G. G. Darah, the Ogberianrien @ three score and 10
When the history of Nigeria is given bold relief by future historians, Professor Godini Gabriel (GG) Darah will feature as one of the nation’s greatest minds for all times. Once described by the redoubtable poet, Professor Niyi Osundare as “the fertile minded don from Ife”, (he is now from Abraka ooo) Darah is an intellectual maestro.
He turns 70 today, November 22, 2017. A remarkably brilliant teacher, journalist and administrator, Darah broke the cocoon of existential circumstances when he entered the University of Ibadan in 1970. Before, Ibadan, the young Godini’s haunt was the creeks of the Niger Delta particularly in the Urhobo riverine communities of Esaba, Okwagbe and Oginibo. His brilliance was the liberating force which wrested him from the hindrances which defined creek life in the Niger Delta.
After secondary education at St. Vincent’s College, Okwagbe, Darah was at the Federal Government College, Warri for the Higher School Certificate (HSC), before entering the University of Ibadan where he graduated with a Bachelor of Arts degree in English in 1973. Like many Nigerians of his generation, Darah’s Ibadan years were his most defining moment for that was the period when Ibadan was really Ibadan and the universe was truly in that university! The campus, we were told, was a mix of sublime minds who genuinely sought and acquired knowledge.
The unforgettable intellectual ferment of the post-Civil War era of the 1970s coincided with the flourishing of Marxism as an ideological movement in the Nigerian academia. The ideology which interrogates economic and power relations and how they undermine the existence of the downtrodden appealed to Darah’s an indigene of the exploited Niger Delta that had started writhing from the bourgeoning capitalist exploitation fostered by the Federal Government and foreign oil multinationals. With infectious teacher-comrades like Omafume Onoge, Ola Oni, Bade Onimode, Biodun Jeyifo, among others to draw inspiration from, Darah immersed himself in the credo of Marxism and became a leading light of the movement first as a student and later as a university don.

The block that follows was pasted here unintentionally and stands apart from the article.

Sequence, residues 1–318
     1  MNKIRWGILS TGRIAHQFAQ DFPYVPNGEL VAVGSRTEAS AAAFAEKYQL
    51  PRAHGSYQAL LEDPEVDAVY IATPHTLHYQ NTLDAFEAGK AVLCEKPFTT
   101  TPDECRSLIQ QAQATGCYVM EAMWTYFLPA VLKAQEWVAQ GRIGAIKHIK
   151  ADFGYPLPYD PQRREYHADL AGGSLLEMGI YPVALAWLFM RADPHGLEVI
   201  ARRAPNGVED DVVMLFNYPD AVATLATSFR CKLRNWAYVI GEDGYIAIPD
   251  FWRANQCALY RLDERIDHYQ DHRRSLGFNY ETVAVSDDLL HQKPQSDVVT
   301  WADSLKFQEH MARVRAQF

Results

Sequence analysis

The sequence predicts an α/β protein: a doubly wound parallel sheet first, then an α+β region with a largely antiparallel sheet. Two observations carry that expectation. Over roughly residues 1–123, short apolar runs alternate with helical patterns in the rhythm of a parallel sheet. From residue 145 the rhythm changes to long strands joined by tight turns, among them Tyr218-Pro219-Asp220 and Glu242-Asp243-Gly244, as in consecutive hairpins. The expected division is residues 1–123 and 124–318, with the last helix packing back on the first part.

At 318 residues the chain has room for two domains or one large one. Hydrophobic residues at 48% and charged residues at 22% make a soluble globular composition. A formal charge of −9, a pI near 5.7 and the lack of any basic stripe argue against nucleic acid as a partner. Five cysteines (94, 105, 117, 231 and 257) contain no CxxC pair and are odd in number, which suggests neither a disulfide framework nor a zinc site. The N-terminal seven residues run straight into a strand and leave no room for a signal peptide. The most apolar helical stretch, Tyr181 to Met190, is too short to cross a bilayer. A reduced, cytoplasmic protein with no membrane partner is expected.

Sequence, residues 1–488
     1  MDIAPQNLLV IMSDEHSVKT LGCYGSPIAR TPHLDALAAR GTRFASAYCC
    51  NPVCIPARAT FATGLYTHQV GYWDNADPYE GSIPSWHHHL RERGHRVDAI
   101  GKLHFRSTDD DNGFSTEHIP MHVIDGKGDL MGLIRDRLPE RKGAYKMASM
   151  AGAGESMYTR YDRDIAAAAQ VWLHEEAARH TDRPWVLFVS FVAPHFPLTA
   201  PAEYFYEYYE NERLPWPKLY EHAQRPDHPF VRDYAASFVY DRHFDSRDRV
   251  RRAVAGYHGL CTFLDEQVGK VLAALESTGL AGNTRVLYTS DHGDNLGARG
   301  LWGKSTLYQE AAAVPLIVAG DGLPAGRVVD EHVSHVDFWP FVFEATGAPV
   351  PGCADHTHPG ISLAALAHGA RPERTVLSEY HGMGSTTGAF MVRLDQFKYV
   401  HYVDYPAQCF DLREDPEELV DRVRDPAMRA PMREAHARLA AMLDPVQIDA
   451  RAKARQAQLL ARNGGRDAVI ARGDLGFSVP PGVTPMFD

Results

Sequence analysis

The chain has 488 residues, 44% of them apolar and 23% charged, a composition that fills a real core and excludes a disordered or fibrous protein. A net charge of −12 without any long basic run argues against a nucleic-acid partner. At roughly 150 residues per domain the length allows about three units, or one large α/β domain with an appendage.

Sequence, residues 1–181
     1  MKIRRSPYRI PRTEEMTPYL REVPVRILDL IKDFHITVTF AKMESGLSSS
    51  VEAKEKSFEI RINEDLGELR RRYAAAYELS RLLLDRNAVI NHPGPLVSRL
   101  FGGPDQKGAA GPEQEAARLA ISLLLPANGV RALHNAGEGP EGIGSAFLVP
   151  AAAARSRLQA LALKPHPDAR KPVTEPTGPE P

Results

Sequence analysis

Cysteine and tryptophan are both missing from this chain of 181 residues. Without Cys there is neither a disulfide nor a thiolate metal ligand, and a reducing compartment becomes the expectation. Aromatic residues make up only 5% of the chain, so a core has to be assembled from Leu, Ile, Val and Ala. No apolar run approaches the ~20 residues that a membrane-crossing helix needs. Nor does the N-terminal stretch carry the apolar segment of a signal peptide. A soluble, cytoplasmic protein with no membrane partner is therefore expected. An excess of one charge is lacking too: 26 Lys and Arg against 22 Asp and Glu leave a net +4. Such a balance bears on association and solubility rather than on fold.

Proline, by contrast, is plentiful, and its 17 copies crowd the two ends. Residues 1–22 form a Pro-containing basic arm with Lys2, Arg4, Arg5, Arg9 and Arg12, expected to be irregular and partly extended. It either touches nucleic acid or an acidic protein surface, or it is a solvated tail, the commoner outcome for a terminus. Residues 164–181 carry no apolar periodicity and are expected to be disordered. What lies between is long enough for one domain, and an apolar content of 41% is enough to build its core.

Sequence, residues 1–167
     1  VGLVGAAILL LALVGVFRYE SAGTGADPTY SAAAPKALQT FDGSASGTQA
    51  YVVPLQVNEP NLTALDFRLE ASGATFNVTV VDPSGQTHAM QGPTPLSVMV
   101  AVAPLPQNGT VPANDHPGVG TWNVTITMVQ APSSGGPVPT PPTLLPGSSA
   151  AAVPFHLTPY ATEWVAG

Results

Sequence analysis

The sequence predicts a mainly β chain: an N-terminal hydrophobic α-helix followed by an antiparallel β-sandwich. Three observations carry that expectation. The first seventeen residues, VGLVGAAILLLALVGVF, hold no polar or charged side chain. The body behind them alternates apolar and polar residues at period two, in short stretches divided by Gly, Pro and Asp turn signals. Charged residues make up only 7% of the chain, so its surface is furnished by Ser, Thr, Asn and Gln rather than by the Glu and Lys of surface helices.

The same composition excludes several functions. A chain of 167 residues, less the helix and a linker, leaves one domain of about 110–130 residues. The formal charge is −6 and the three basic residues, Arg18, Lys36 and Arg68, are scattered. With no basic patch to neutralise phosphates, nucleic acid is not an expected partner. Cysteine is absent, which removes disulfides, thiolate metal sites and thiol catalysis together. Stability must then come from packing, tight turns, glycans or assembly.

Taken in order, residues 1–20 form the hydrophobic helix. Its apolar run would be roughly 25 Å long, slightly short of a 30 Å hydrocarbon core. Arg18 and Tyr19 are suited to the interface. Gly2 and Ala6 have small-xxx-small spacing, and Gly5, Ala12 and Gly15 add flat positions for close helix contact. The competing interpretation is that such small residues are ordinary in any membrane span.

Darah’s apprehension of Marxism aspires beyond its ideological representation to its application as a critical tool in the evaluation of the indigenous oral artistic tradition of his Urhobo people. Quite early in his career as a researcher and teacher, Darah devoted a lot of energy to the exegesis of the various verbal art forms of the Urhobo. The most significant of his academic endeavours is his landmark study on Udje which earned him the Doctor of Philosophy degree at the University of Ibadan in 1982. After studying and teaching briefly at Ibadan, he relocated to the then University of Ife (now Obafemi Awolowo University).